Increasingly, targeted coaching can also promote focus and, if performed in an environment where the client is not easily distracted, greater concentration.
10. Offline consultation
The coach can consult with third parties, experts, and resources for additional expertise without significant interruption to the coaching session.
11. Record keeping
Records can be easily maintained, with both coach and client able to revert to earlier homework or diary entries to assess progress, sticking points, or common themes.
12. Increased reflection
The immediacy and ability to see answers after they have been entered encourages reflection and learning.
13. Feeling in control
By choosing how and when to complete exercises and homework, clients are actively engaged in the process, with associated benefits to intrinsic motivation.
Positive messages, homework, videos, and audio can be re-lived when required, to ensure reinforcement is positive and ongoing.
The degree to which the benefit and amount of e-coaching differs from face-to-face coaching varies depending on the style and the medium. While this article primarily refers to the use of e-coaching tools and platforms such as Quenza, remote coaching is also performed in other ways, including (Ribbers & Waringa, 2015):
- Coaching by phone
- Coaching by video conference (for example, Zoom, Skype, Microsoft Teams, etc.)
- Coaching via a chat program
- Coaching via email
The variety and use of each channel will change depending on the degree of integration into the coaching platform and practice.
Furthermore, communication methods will continue to evolve and improve the coaching relationship as long as they are appropriate to the client’s needs.
How Is E-Coaching Changing Mental Healthcare?
Due to various issues, including cost, availability, and location, many people cannot receive the treatment they require for mental health issues.
Technological solutions may hold the answer. Research comparing studies in which clients received face-to-face treatment versus internet-based Cognitive-Behavioral Therapy (or both) for anxiety disorders found no differences between the groups regarding the size of the improvement (Olthuis, Watt, Bailey, Hayden, & Stewart, 2015).
Software and technological tools “are not only effective but also cost-effective,” enabling real-time assessments and coordinating interventions (Briffault, Morgiève, & Courtet, 2018, p. 5).
Technology may also help in other ways.
With the increasing availability of fitness trackers and smartwatches, we can identify activity levels, sedentary behavior, and sleeping patterns in clients. The move toward online e-coaching and e-therapy tools provides us with further data on moods, motivation, problematic thinking, and irrational thinking.
For example, research is ongoing about the potential for using biofeedback combined with e-coaching apps to treat patients with borderline personality disorder (Derks, De Visser, Bohlmeijer, & Noordzij, 2017).
Technology offers mental health practitioners increasing amounts of psychological, physiological, and behavioral data to draw conclusions and identify potential treatments and positive psychology interventions (Briffault et al., 2018).
12 Online Coaching & Therapy Interventions
We have many worksheets, coaching tools, and questionnaires that have been added to the Quenza platform, some of which are listed below. They can be used as-is or modified and re-purposed as needed, and are ideal for online coaching and therapy interventions.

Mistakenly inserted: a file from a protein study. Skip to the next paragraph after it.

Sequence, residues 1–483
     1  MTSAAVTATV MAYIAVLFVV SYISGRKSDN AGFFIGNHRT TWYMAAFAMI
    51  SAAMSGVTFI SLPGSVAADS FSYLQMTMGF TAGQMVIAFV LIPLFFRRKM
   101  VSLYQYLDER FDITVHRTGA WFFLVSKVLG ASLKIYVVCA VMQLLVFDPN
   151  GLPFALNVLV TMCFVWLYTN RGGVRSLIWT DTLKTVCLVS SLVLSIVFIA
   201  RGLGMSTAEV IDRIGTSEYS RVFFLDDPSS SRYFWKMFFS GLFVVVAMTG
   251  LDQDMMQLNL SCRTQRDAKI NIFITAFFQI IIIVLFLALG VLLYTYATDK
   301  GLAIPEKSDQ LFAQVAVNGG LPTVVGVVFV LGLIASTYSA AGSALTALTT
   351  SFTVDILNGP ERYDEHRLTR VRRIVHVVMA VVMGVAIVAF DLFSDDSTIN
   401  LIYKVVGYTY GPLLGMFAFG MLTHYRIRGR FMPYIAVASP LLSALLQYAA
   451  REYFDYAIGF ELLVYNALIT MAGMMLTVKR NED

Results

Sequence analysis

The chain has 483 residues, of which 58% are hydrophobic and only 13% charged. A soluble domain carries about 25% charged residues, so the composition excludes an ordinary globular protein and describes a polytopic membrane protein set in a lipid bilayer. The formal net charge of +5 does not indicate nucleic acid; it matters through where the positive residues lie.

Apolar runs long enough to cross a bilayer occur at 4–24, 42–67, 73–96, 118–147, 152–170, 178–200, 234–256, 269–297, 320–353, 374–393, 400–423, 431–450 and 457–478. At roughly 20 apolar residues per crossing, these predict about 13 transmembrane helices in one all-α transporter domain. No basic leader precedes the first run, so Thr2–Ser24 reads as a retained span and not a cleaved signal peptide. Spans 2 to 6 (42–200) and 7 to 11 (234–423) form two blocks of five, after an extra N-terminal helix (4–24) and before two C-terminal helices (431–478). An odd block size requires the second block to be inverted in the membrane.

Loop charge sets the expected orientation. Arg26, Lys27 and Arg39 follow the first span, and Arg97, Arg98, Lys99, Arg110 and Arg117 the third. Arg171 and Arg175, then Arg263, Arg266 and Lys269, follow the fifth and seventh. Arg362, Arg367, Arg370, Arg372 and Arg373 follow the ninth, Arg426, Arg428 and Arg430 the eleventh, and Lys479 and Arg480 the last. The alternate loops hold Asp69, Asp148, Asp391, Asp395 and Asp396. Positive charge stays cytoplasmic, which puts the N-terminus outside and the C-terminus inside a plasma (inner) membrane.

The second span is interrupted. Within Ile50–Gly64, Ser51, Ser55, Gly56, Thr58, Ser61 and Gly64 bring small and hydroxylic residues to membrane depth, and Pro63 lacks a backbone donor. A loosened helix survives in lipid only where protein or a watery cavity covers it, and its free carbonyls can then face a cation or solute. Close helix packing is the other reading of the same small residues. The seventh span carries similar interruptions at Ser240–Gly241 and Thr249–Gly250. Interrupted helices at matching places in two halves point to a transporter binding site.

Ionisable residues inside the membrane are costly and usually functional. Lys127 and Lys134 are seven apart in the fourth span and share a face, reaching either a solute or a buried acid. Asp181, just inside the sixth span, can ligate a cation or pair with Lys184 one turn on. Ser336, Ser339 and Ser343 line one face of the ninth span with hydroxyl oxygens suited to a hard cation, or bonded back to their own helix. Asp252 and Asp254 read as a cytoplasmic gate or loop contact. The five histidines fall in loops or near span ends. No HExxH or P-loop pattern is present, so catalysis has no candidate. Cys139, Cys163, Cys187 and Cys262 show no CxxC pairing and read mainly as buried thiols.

The following are just a sample of possible interventions, grouped by function. They can be combined with others to form care pathways (or kept separate) and tailored as required before being sent to individual clients or groups.
Early on in the online coaching journey, it is essential to understand how the client appraises their lives and what happiness means to them before moving on to identifying and setting goals.
These can be used for the initial assessment stage:
Wheel of Life
This popular and valuable tool identifies and scores specific life domains, including health, career, and relationships. The client can use the completed Wheel of Life to target where attention is needed.
Our personal values define who we are, and feeling authentic means living in line with them. Clients can complete the Personal Values Worksheet to understand what matters most and where to focus their time and energy.
Early on in coaching, it is helpful for the client to reflect upon the following questions:
What are your dreams?
What is important to you?
What do you want to accomplish in life?
Their answers will influence the life goals they set and the focus they give to areas of their life to make their hopes and dreams real.
Martin Seligman’s (2012) PERMA model helps us understand the elements of our lives that promote happiness and connectedness.
Use the PERMA Model worksheet with clients to help them recognize their five core elements of wellbeing.
Goal setting is a practical, results-driven approach to achieving our aims. It also has a positive impact on our wellbeing and helps us find meaning and purpose in our lives.
Big goals and challenges are often best handled by breaking them down into smaller, more manageable tasks.
- A Goals Vision Board can be sent to the client as homework. It offers a helpful starting point and a valuable tool to reflect on, clarifying dreams and goals.
The next two interventions provide a way to make dreams more concrete and attainable.
- The SMART+R worksheet and the SMART Goals Worksheet use the acronym SMART to define and capture goals that are specific, measurable, attainable, realistic, and time bound. It is a highly practical and pragmatic approach for online coaching.
- SCAMP is another helpful approach that can be implemented in an online tool and sent out to the client. The SCAMP worksheet ensures each goal is specific, challenging/controllable, attainable, measurable, and personal.
- Completing a behavior contract online increases the chance of the client successfully completing their goals.
Building and using strengths
Too frequently, we focus on our weaknesses rather than our strengths. As a result, we are missing out on opportunities to excel and feel energized in what we do.